Leaders from around the world, including Australian Prime Minister Tony Abbott and Pakistan Prime Minister Nawaz Sharif, have also congratulated Mr Modi on his success.
Mr Abbott says he is looking forward to working with the new prime minister and has invited him to visit Australia as well as attend the G20 Summit in Brisbane in November.
‘Hail Modi, hail Modi’
Outside BJP party headquarters in New Delhi, jubilant supporters banged drums, lit firecrackers and waved flags as results showed Mr Modi ahead in both the seats he is contested in Gujarat and the holy city of Varanasi.
“This victory represents a tectonic shift in the electoral landscape,” said senior BJP leader Ravi Shankar Prasad.
Crowds roared “Hail Modi, Hail Modi” outside BJP party headquarters in Ahmedabad, which is the main city in Gujarat state where Mr Modi has been chief minister since 2001.
Mr Modi celebrated in low-key style, visiting his elderly mother in the state capital of Gandhinagar.
She fed him sweets and offered him a blessing as they sat outside on her porch with children, well-wishers and the media looking on.
India’s stock market jumped more than 6 per cent to a record high of 25,000 points on news that Mr Modi was headed for a comprehensive election victory.
The benchmark Bombay Stock Exchange index, known as the Sensex, rose 6.15 per cent to 25,375.63 in morning trade with banking stocks leading the way.
Who is India’s new leader?
- Narendra Modi is a Hindu nationalist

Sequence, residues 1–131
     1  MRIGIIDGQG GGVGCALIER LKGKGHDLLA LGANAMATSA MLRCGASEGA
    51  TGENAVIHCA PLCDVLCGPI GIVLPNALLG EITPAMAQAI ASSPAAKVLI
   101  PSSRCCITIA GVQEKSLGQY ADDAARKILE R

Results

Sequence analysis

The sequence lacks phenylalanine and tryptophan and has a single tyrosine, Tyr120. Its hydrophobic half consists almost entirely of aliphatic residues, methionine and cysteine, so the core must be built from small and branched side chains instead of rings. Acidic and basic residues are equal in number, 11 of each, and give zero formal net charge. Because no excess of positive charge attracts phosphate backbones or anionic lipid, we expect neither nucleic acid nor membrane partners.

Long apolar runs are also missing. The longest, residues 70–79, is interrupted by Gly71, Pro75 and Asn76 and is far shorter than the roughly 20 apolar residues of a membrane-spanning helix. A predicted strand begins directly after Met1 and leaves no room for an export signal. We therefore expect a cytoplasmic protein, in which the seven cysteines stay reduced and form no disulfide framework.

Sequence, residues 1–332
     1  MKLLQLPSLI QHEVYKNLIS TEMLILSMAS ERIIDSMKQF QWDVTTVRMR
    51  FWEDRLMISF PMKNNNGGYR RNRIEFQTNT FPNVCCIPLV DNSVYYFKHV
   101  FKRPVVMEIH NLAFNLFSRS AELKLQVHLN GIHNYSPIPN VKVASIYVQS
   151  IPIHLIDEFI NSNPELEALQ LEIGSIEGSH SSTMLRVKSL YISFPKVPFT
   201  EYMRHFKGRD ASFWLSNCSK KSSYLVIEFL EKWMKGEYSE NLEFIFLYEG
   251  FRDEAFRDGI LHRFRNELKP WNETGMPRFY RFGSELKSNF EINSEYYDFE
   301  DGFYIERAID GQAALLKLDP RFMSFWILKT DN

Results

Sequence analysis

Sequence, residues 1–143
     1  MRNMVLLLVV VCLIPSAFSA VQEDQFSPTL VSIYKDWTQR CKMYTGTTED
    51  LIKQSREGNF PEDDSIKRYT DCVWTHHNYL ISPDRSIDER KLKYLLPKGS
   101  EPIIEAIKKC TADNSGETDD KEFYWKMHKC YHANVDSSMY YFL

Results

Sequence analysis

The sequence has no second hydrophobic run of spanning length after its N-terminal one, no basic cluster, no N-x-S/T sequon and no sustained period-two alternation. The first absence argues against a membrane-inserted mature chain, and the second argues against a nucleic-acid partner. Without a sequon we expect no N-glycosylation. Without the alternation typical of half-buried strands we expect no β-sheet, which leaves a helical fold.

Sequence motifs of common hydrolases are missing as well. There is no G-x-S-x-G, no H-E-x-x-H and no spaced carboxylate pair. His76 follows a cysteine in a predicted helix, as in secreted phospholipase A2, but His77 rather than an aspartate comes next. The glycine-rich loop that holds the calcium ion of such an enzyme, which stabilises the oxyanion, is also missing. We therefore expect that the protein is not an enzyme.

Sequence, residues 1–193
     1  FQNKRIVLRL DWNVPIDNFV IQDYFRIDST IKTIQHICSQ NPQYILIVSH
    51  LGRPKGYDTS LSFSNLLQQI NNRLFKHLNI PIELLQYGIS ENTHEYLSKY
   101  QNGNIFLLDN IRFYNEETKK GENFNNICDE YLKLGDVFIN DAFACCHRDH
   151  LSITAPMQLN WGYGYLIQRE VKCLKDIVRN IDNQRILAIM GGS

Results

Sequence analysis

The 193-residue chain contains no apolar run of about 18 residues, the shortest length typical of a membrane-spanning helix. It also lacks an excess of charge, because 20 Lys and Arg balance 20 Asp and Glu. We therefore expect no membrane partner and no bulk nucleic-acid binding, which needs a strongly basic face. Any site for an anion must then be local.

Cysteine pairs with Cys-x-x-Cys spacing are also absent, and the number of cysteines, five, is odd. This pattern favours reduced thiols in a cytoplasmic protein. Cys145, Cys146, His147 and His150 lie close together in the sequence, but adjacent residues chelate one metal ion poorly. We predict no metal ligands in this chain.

- Chief Minister of the western state of Gujarat since 2001
- ‘Self-made’, starting as a tea-seller
- Praised for bringing prosperity and development to his home state of Gujarat
- Criticised over the 2002 Gujarat riots which saw around 1,000, mostly Muslim, people killed
- Nomination for main opposition BJP revealed ‘secret’ marriage, traditionally arranged when Modi was 17
“Markets are following indications that the BJP and its allies will have a thumping victory – this is crucial for their ability to push key reforms,” said Harendra Kumar, head of brokerage Elara Capital.
The rupee also surged 1.14 per cent to 58.62 against the US dollar. The currency has been strengthening in recent weeks on expectations that Mr Modi would win the marathon five-week election and introduce structural reforms to turn the economy around.
It has now risen 17.45 per cent since it sank to a record low of 68.85 last August with investors worried about a fiscal deficit crisis and waning confidence as the government struggled to boost growth in the face of global economic turmoil.
Markets have risen 5 per cent in the past week as heady, many say unrealistic, optimism has returned after low business investment and economic growth, rising food prices and corruption.
India’s central bank said it has contingency plans ready to deal with any excessive volatility in the markets from the election results.
Modi breaks the mould
Since being named as his party’s candidate last September, Mr Modi has flown 300,000 kilometres and addressed 457 rallies in a slick, presidential-style campaign that has broken the mould of Indian politics.
Analysts say Mr Modi has outclassed Mr Gandhi, 43, while promoting his pro-business record as chief minister of Gujarat.
Mr Singh has already said goodbye to his staff after a decade in office, which commentators say has been marked by mounting policy paralysis.
Mr Modi’s mantra of development has won over many voters who were initially sceptical about his Hindu-centric ideology and his role in sectarian riots in Gujarat in 2002.
The riots resulted in the deaths of more than 1,000 people, mainly Muslims.
Mr Modi has denied any wrongdoing and a probe ordered by the Supreme Court found he had no case to answer.